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From Waste to Resources: Recycling drywall just got easier

Gypsum wallboard (drywall), commonly used to cover the interior walls of buildings,  represents 20 percent of the waste generated during the construction of new commercial  and residential sites in Wisconsin. Until recently, much of this waste was being  disposed of in Wisconsin’s landfills. However, a new policy put into effect  by the Wisconsin Department of Natural Resources is paving the way for drywall  to become a resource instead of a waste, helping the environment and saving builders  money.

In October, the state DNR approved a low-hazard grant of exemption  that will allow builders and contractors who have completed a simple application  process to store, process and land-spread waste gypsum wallboard as a soil amendment.  

Gypsum, the primary component of drywall, can be used as an agricultural  fertilizer and soil amendment because it is made up of about 20 percent calcium  and 15 percent sulfur, both essential plant nutrients. Plants need calcium in  order to ensure proper cell division and to maintain normal functioning of cellular  membranes. Plants need sulfur in order to produce specific amino acids. Thus,  by grinding and land-spreading waste drywall, waste is eliminated from our landfills,  those responsible for the disposal of the waste drywall save on disposal costs  and a rich fertilizer for agricultural crops is produced.

“The approval  of this low-hazard grant exemption by the DNR will greatly impact construction  waste recycling in Wisconsin,” said Jenna Kunde, executive director of WasteCap  Wisconsin. “Nearly every waste-reduction and recycling project we work on  within the construction industry generates waste drywall that needs to be dealt  with. The ability to recycle this waste, while also providing valuable agronomic  benefits, paves the way for us to significantly reduce this specific waste stream.”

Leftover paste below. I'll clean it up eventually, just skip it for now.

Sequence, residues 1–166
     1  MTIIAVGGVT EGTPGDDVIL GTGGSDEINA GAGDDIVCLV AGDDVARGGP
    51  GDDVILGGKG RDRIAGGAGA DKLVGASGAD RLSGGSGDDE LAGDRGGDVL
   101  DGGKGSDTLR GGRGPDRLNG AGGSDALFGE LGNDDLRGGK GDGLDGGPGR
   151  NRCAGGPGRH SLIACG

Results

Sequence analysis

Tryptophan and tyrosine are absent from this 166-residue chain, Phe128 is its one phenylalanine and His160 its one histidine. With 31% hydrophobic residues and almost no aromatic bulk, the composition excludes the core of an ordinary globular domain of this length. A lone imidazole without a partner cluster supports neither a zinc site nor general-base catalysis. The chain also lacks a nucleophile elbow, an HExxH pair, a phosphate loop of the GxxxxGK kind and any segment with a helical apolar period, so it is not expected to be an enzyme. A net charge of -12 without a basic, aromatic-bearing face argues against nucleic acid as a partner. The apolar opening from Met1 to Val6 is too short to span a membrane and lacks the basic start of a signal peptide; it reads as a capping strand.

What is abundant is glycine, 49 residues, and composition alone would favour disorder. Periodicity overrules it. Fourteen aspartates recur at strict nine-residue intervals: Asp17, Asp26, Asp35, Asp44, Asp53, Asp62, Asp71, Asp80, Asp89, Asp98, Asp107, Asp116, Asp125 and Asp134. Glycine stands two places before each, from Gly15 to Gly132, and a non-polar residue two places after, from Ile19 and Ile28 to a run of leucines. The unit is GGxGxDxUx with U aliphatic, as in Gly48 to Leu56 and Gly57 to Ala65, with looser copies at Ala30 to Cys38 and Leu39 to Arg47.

Easy  process

Builders and contractors who wish to use the DNR’s low-hazard  exemption for substituting waste gypsum wallboard for agricultural gypsum need  only to follow several simple steps.

First, a formal exemption from the  local DNR office must be obtained. This can be acquired by submitting a letter  requesting the low-hazard exemption and paying the permit fee.

Second, segregate  the scrap drywall on site. Only new scrap wallboard that has not been treated  with surface chemicals and is relatively free of tape, joint compounds, paint,  nails, screws or other contaminants should be used. In addition, all scraps should  be stored on site in a manner that minimizes rainwater runoff from the storage  area.

Third, grind the drywall. The wallboard should be ground to a size  that allows for easy and even distribution on the farm fields sited for spreading  and in a way that controls the dust generated by the grinder itself.

Fourth,  determine the application rate for land-spreading. The application rate for the  ground drywall will be based on the current sulfate content of the field and the  sulfur needs of the crop to be planted in the field.

Last, apply the ground  drywall to the field in accordance with soil and agronomic nutrient requirements.

Alternatively,  builders who contract with WasteCap Wisconsin for construction waste management  services can take advantage of the blanket exemption granted to WasteCap by the  DNR for its projects.

“We have been working with the DNR for over  two years to see this exemption come to fruition, and we are very excited that  recycling a large component of Wisconsin’s construction and demolition waste  stream just got easier,” said Ralph McCall, project manager for WasteCap Wisconsin.

More  information about the low-hazard grant exemption, how to properly manage  scrap drywall and the application allowing for the processing of gypsum wallboard  can be found on WasteCap Wisconsin’s Web  site.

Amber Zuhlke is an outreach specialist with WasteCap Wisconsin.

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